FIG. 1 is a block diagram of a coloration uniforming circuit according to the present invention including a driving circuit adapted for use of an electrochromic display;
FIG. 2 is a block diagram of an A/D converter employed within the coloration uniforming circuit shown in FIG. 1;
FIG. 3 is a time chart of signals occurring within the A/C converter shown in FIG. 2;
FIG. 4 is a graph showing the effect by integration of the applied current to explain the operating principle of a specific embodiment of the present invention;
FIG. 5 is a block diagram of another specific coloration uniforming circuit according to the principle illustrated in FIG. 4;
fIG. 6 is a more detailed circuit configuration of the coloration uniforming circuit depicted in FIG. 5;
FIG. 7 is a block diagram of still another specific coloration uniforming circuit according to the present invention;
FIG. 8 is a more detailed circuit configuration of parts of the coloration uniforming circuit shown in FIG. 7; and
FIG. 9 is a time chart of signals occurring within the circuit illustrated in FIG. 8.
The present invention can be applied to any types of electrochromic displays (referred to as "ECD" hereinafter) inasmuch as electrochemical reactions are caused for coloration or bleaching operations, the rate of which is changed pursuant to the surrounding temperature of the ECD. The detailed description of ECD per se is omitted because the kind of the ECD is not concerned with the gist of the present invention.
FIG. 1 shows a circuit construction of a coloration uniforming circuit in accordance with the present invention. The coloration uniforming circuit comprises a heat-sensitive element 1, e.g., a thermistor, an A/D converter 2, a down counter 3, a controller 4, a driver 5, and an ECD 6.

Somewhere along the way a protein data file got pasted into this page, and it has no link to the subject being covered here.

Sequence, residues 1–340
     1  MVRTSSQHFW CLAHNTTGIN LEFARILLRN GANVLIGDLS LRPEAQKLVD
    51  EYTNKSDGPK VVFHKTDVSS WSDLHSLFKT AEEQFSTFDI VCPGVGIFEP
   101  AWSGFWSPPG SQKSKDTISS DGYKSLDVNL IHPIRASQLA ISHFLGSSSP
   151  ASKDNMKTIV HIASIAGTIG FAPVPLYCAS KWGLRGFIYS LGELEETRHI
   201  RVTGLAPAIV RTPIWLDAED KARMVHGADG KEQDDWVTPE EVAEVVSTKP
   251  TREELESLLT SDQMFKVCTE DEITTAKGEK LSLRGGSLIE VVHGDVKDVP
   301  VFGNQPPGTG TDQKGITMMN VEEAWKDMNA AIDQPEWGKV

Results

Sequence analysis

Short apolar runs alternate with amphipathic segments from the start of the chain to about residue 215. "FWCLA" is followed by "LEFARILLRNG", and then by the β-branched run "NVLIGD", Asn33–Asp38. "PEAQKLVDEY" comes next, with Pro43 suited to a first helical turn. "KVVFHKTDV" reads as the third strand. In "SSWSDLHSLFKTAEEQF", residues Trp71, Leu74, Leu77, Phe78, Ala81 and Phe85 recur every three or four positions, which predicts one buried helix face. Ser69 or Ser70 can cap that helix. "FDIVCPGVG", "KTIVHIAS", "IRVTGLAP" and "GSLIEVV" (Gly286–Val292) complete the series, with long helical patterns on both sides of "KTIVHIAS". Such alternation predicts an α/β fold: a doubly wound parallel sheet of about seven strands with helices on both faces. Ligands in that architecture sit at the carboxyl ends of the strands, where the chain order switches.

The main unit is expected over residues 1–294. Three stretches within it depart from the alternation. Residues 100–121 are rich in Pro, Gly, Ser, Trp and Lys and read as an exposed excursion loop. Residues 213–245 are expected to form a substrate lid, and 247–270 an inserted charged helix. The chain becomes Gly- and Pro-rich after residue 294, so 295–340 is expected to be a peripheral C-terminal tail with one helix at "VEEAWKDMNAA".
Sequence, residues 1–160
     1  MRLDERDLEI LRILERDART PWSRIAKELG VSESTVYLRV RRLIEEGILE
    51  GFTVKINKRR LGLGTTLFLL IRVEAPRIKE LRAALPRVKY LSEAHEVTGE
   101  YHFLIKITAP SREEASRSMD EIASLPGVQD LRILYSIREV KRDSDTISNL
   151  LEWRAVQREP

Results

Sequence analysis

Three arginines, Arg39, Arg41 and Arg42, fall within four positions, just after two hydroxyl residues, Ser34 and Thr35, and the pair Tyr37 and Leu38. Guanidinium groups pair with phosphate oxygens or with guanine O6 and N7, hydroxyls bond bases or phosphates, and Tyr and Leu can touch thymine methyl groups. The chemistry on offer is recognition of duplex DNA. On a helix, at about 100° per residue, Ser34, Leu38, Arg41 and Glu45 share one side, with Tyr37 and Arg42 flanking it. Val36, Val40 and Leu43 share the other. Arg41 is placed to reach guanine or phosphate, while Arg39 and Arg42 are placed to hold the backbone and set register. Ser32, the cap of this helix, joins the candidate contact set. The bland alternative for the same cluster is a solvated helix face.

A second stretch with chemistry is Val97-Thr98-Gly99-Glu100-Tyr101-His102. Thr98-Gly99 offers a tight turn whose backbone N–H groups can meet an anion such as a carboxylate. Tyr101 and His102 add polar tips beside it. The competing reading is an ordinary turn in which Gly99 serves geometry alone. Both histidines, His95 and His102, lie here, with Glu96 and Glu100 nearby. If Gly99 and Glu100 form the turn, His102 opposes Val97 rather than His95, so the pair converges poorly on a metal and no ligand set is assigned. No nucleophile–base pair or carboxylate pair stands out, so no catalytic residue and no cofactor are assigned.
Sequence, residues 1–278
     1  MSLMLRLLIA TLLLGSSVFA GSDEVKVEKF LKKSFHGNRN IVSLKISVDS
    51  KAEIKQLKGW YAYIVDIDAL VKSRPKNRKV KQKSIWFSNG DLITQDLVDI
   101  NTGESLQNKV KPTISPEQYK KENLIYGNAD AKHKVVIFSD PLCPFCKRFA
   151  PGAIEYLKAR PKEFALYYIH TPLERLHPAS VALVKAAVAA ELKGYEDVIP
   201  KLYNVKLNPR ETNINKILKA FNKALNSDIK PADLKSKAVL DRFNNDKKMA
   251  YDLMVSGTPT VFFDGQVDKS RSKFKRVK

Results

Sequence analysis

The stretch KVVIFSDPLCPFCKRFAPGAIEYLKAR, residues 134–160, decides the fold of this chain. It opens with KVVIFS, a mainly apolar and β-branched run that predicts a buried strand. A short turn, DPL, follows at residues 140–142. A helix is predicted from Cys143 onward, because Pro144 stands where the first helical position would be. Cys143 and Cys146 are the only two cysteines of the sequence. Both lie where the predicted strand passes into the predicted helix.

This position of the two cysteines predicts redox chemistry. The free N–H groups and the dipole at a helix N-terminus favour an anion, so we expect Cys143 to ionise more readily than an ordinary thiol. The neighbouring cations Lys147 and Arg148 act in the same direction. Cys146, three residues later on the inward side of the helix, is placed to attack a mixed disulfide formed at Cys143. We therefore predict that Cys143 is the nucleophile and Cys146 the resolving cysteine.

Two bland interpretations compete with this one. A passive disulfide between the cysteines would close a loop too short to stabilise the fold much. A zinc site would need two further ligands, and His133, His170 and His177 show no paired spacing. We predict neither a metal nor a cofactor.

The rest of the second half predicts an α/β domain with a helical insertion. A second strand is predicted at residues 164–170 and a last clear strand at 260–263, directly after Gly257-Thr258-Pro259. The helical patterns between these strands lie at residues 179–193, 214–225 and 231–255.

The coloration uniforming circuit is specially adapted to control time intervals for which driving signals are applied from the driver 5 to the ECD 6.
Briefly speaking, the heat-sensitive element 1 disposed adjacent to the ECD 6 is adapted to detect the surrounding temperature of the ECD. The output of the element 1 is introduced to the A/D converter 2 to obtain digital information from analog information applied in the form of the variation of resistant value related to the surrounding temperature. The digital information is impressed into the down counter 3 to control the time intervals of the driving signals to be applied for coloration uniforming purposes in depth of color.
The present invention adapts the following principle related to the essential nature of the electrochromic material 1: Coloration time intervals of the electrochromic material for uniform depth of color are increased in proportion to a value of a parameter of e.sup.α/T where α is a constant and T is an amount of absolute temperature. Therefore, uniform coloration shade or depth of color can be assured by changing the time intervals for which the driving signals are applied to electrodes connected to the electrochromic material, having a relationship defined by e.sup.α/T. The parameter of e.sup.α/T can be detected by the heatsensitive element 1 comprising the thermister. The variation of resistance value R in the thermistor can be represented as follows:
A: a proportion quantity
β: the constant
When and if the thermister is selected to have the value of the constant β approximately equivalent to the value of the constant α, the variation of the resistance value of the thermister is directly proportional to the coloration time intervals for the electrochromic materail to be required.
The value of α is about 1500 to 1900. One of the thermisters which is commercially available by Hitachi, Ltd. under a model of TM 2300 has the value of 1610, for example.
It is not required that the thermister completely follow the temperature properties of the electrochromic material. And some appropriate element can be selected to be applied to the present coloration uniforming system.
The above-mentioned thermister has a negative temperature coefficient. Some positive temperature coefficient thermisters may be utilized for use with the present coloration uniforming system by modulating the A/C converter in an appropriate form.
With reference to FIG. 1, a generator 41 within the controller 4 is provided for generating signals applied to a terminal STT of the A/D converter so that analog information relevant to temperature adjacent to the heat-sensitive element 1 is converted to digital information. The down counter 3 is responsive to signals applied to a terminal LD therein from the generator 41 to accept the digital information.
The digital information entered into the down counter 3 is subsequently counted down at a predetermined time interval. The information of the down counter 3 is applied to the controller 4.